Addendum to earlier blather!
TSE famously wrote that "what happens when a new work of art is created is something that happens simultaneously to all the works of art which preceded it. The existing monuments form an ideal order among themselves, which is modified by the introduction of the new (the really new) work of art among them. The existing order is complete before the new work arrives; for order to persist after the supervention of novelty, the whole existing order must be, if ever so slightly, altered; and so the relations, proportions, values of each work of art toward the whole are readjusted; and this is conformity between the old and the new."
In Aleida Assmann's essay in T.S. Eliot and the Concept of Tradition, she notes that for Eliot, tradition (which he defined as "the sense of everything happening at once") "as a cultural memory that lends itself to creative deformation, differs from a canonical tradtion that enforces veneration." And "the word 'deformation' here has no negative connotations, because [for TSE] there is not standard of a binding norm that transcends history."
This sounds remarkably like what Jane Dark and Christian Bok have been getting at in their recent Harriet comments - not the same as, but much like. And all this dovetails nicely with Mark Scroggins' description of Zukofsky's way of reading the past, too: in LZ's own words, "It is not the sea but hyaline cushions the flower-- Liveforever, everlasting..." More on this as I continue may way into his spellbinding The Poem of a Life: A Biography of Louis Zukofsky, a book so good I'm anxious about what the heck I'm going to read when I finish it!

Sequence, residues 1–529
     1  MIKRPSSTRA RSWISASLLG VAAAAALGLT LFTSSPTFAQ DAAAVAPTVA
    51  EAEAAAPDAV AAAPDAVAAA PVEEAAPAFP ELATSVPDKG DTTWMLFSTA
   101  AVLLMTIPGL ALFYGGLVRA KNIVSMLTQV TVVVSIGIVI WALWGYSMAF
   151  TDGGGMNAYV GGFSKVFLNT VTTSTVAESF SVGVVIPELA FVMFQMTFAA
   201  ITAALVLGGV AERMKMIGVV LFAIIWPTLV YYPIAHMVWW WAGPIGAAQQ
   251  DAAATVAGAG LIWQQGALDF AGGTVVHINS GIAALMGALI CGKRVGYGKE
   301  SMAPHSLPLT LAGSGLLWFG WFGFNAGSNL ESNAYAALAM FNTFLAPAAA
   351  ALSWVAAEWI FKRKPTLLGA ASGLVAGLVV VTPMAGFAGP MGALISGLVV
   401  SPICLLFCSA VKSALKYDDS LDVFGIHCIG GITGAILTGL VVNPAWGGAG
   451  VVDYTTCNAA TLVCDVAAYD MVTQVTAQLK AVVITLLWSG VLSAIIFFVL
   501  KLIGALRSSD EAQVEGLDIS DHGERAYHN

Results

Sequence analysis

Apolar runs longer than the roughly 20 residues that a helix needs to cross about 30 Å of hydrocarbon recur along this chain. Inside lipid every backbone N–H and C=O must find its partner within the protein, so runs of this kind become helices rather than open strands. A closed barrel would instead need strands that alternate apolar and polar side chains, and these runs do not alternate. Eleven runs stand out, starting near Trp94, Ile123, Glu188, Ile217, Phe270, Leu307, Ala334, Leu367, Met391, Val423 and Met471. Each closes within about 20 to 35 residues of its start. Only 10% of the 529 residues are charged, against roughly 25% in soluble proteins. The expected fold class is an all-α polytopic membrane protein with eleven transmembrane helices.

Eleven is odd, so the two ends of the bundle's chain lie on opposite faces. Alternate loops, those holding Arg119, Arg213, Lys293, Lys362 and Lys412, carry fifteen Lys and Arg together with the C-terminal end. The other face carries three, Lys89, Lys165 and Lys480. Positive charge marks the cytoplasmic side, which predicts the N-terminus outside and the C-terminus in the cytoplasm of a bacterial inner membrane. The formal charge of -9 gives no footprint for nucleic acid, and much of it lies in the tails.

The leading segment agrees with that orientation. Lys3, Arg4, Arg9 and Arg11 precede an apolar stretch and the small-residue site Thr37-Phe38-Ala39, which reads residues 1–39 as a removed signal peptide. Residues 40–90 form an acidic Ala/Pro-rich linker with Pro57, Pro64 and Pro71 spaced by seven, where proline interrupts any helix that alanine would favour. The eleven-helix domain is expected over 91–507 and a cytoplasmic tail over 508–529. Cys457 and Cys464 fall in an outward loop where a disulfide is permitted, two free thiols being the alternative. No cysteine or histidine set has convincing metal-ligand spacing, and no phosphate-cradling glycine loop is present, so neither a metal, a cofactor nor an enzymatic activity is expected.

By the way, Charles Bernstein's weblog has a Water Control Officer Report in which the percentage of New Yorker poems having to do with water is calculated. It's a version of the old gag about how the poems in that magazine were analogues to the cover art. Strangely, the percentage of verse in LZ's work pertaining to water is also quite high. But in Zuk's work the ocean's waves undulate like the ripples of literary tradition. Interesting that this is so in Zukofsky and also in Ashbery (e.g. Flow Chart), whereas there are celestial constellations in the likes of Eliot's criticism and in, say, Ann Lauterbach.